Sunday, December 19, 2010

Guess I’ll eat some worms

By Richard P. Holm, M.D.

This month, a scientific journal reported the remarkable case of a 35-year-old man who took an unusual treatment for ulcerative colitis. His colon was so inflamed and sore that he had been advised by doctors to have it surgically removed. After researching experimental therapy for ulcerative colitis, he decided to travel to Thailand where a doctor gave him 1,500 roundworm eggs to swallow.

The idea that worms might have something to do with ulcerative colitis and Crohn’s disease came from the observation that colitis is common in developed countries like America, where worm or parasitic infections are rare. In contrast, colitis is rare in countries where virtually the entire population has worms living inside of them.

This is similar to scientist David Strachan’s “hygiene hypothesis,” that was presented in the British Medical Journal in 1989. He showed data that hay fever and eczema were more common in families with one child than in larger families, and he speculated that the difference was because of an earlier and broader exposure to infections in the larger families. He suggested that more exposure to the dirty world results in less allergies.

Strachan’s idea has expanded and the “hygiene hypothesis” proposes that in developed countries, as a result of a “too-clean” environment, there is an increase in the diseases of the immune system such as inflammatory bowel disease, multiple sclerosis, asthma, and even childhood-onset diabetes mellitus type 1. Remember, however, the “hygiene hypothesis” is still just theory.

Let’s get back to our patient with colitis that traveled to Thailand. To everyone’s delight, after eating worm eggs, the gentleman quickly became symptom free. About three years later, after a relapse, he took more eggs and got better again. Over the six years that scientists studied the patient, they found his immune system was changed by worm therapy and noted that his colon had increased mucous production.

We are not talking night crawlers here, and some worm infections can be very harmful in humans, so people should not eat worms without scientific direction. Studies are now underway using pig whipworms, which are a less-aggressive worm, in treating not only inflammatory bowel disease, but also multiple sclerosis.

“Nobody loves me, everybody hates me, guess I’ll eat some worms.” Maybe some day we’ll be eating worms for colitis, too.

Monday, December 13, 2010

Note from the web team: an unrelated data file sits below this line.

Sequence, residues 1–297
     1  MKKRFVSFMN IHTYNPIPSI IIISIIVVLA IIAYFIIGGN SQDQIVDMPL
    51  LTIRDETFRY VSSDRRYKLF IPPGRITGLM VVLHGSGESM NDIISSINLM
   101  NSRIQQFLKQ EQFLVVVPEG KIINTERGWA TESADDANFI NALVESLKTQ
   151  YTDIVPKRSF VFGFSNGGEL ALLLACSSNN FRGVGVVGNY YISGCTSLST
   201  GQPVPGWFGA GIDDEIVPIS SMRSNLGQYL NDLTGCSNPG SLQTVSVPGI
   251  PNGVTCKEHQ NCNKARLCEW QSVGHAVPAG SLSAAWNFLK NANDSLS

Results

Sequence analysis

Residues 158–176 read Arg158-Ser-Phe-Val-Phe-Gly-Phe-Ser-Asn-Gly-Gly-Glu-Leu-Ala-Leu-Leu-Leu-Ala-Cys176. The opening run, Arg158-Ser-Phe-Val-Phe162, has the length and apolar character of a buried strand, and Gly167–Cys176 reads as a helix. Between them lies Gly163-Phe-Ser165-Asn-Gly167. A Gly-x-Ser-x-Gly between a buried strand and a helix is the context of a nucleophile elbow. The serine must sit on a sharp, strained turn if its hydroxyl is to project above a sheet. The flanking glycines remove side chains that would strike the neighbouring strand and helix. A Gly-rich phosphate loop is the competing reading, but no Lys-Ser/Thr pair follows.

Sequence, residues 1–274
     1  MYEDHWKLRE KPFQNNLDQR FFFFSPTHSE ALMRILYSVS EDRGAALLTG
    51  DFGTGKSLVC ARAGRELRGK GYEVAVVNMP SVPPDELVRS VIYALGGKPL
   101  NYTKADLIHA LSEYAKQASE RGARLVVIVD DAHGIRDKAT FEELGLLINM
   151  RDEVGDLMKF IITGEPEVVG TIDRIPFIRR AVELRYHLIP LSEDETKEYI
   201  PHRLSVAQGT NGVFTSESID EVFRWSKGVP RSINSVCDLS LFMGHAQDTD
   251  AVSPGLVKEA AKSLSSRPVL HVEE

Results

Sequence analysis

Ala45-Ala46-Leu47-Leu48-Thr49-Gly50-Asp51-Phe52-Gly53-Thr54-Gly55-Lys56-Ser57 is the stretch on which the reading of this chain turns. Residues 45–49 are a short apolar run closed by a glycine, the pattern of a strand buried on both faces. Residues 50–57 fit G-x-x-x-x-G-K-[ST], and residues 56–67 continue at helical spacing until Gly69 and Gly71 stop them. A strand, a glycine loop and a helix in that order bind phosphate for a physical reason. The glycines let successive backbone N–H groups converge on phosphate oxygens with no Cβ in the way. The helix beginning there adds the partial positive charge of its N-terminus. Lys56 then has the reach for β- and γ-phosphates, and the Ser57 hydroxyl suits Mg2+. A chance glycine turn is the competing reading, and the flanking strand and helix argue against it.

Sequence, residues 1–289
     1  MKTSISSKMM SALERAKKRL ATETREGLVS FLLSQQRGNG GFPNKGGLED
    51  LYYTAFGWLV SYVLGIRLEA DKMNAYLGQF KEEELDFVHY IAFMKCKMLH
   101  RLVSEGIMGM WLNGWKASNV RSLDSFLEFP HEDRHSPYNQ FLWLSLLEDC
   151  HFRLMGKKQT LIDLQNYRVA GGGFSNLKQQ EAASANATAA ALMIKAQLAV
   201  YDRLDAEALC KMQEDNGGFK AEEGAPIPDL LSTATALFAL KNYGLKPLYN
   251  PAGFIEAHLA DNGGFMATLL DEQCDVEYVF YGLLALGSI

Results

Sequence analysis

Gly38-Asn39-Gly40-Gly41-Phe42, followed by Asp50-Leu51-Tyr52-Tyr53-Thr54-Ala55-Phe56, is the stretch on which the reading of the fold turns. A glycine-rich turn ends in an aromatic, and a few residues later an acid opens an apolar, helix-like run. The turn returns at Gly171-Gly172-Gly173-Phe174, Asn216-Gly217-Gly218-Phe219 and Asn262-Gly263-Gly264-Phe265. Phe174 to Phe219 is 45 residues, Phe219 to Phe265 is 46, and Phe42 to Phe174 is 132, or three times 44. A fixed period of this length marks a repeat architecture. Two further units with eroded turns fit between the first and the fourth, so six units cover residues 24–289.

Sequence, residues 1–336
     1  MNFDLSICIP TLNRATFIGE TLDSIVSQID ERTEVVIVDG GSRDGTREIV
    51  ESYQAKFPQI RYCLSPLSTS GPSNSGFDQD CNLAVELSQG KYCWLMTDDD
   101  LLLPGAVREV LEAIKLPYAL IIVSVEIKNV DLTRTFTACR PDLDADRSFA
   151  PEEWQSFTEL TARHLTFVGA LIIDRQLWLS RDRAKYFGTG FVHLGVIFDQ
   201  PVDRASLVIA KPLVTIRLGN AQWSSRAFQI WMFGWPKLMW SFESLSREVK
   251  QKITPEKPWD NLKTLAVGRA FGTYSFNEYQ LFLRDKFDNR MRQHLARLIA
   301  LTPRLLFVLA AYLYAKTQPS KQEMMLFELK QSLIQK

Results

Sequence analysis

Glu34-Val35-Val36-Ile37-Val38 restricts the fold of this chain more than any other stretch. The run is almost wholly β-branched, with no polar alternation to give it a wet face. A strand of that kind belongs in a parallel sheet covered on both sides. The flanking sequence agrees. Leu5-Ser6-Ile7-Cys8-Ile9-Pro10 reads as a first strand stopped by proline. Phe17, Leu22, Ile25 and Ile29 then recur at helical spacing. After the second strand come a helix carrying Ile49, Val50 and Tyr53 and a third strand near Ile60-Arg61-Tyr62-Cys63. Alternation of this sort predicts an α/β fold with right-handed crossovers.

On suffering

By Richard P. Holm, M.D.

Part of the mantra or sacred prayer of every physician is to reduce suffering, but what is it to suffer? The dictionary explains suffering as more than just experiencing something unpleasant or painful. The origin of the word comes from the Latin word “sufferre” or “to bear,” as if carrying a burden.

It is interesting to note that neuro-imaging maps have found that a certain part of the brain fires up when we feel either physical pain or emotional distress. Two radically different kinds of suffering seem to share a single neurological space in our heads. I also read in researching this topic that some individuals feel suffering leads to the construction of meaning in life and that it helps us to know more about our world.

To better understand the concept of suffering, this week I asked a number of patients and friends what it was that had caused them the most suffering. Surprisingly not one described an experience of physical pain. Rather the answers all turned around emotional loss. I heard about emptiness and anxiety following the death of parents and siblings, about the psychological stress of having kids, and a lot about the depression following divorce. People seem to forget about physical pain, but they remember emotional hurting.

Recently a national survey of hospice directors asked how we treat those dying from various illnesses and I was asked to fill out a form with challenging questions. Two questions were especially difficult for me: “Is pain and suffering a means for spiritual growth?” and “Should physicians seek to relieve patients’ spiritual suffering just as much as patients’ physical pain?”

I have no problem with the idea that people grow from suffering, but I struggle with the subtle implication that to relieve people of life’s emotional and spiritual pain could possibly rob their lives of meaning.

Bottom line, emotional pain is probably more significant than most of us realize, and my hat is off to the psychiatrists and psychologists whose jobs concentrate on just that part of the quest to enhance human health.

May we all find meaning in this crazy and sometimes hurtful life, and may we all find some help when it gets too painful.

Dr. Rick Holm wrote this editorial for “On Call®,” a weekly program about health on South Dakota Public Broadcasting-Television that is produced by the South Dakota Cooperative Extension Service. “On Call” airs Thursdays on South Dakota Public Broadcasting-Television at 7 p.m. Central, 6 p.m. Mountain.